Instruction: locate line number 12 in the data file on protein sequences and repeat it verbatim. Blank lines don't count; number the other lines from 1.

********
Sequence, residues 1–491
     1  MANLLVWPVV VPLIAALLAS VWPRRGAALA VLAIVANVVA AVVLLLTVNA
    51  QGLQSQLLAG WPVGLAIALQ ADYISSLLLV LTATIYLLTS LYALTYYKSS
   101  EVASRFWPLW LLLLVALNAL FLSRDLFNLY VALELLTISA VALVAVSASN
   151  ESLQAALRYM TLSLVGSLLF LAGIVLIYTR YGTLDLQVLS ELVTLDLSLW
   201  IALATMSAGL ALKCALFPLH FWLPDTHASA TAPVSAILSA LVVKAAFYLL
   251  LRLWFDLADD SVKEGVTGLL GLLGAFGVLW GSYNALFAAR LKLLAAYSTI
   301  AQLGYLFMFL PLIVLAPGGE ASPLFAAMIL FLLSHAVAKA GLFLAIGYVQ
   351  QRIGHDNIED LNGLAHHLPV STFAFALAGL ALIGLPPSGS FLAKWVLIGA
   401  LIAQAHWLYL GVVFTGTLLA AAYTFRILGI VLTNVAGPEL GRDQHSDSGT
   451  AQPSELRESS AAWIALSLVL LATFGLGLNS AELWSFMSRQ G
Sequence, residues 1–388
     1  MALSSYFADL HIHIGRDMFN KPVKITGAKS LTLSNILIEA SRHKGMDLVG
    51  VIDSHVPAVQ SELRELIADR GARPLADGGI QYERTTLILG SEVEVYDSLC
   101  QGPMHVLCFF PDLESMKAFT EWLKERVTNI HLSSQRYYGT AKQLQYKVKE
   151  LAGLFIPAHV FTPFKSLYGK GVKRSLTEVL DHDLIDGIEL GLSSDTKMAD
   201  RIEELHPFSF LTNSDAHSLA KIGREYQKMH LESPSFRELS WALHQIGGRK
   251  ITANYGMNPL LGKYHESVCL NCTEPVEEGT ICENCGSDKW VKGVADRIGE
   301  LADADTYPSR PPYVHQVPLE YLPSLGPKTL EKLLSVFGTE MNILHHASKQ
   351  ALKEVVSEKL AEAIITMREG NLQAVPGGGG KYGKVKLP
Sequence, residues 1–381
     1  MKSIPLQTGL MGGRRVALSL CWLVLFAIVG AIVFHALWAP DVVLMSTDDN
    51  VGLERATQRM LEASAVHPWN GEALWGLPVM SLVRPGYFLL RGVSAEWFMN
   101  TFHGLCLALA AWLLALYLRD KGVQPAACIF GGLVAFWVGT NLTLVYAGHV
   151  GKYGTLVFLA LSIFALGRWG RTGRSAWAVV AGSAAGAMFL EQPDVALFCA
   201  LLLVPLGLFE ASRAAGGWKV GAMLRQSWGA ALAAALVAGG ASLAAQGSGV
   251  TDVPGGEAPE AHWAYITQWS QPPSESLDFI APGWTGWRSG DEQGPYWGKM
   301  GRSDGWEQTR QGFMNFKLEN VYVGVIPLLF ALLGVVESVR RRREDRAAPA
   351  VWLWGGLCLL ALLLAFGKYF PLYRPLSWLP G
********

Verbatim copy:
Sequence, residues 1–388